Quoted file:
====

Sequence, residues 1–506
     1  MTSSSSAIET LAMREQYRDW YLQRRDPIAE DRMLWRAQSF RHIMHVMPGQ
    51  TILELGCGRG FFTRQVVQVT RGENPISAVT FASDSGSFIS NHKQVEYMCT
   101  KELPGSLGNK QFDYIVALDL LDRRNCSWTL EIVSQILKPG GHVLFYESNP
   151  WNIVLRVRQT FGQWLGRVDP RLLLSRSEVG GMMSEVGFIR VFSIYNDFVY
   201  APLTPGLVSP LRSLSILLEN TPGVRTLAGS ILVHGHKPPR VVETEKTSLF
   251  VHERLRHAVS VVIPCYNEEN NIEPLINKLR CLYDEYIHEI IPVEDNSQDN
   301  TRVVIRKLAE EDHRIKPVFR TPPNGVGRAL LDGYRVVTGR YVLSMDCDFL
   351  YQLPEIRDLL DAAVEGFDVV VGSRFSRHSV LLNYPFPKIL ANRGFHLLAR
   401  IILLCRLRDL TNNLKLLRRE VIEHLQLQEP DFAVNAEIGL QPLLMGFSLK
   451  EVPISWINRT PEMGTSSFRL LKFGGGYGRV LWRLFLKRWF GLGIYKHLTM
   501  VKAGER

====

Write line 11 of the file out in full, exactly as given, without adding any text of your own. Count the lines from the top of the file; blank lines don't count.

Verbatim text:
   451  EVPISWINRT PEMGTSSFRL LKFGGGYGRV LWRLFLKRWF GLGIYKHLTM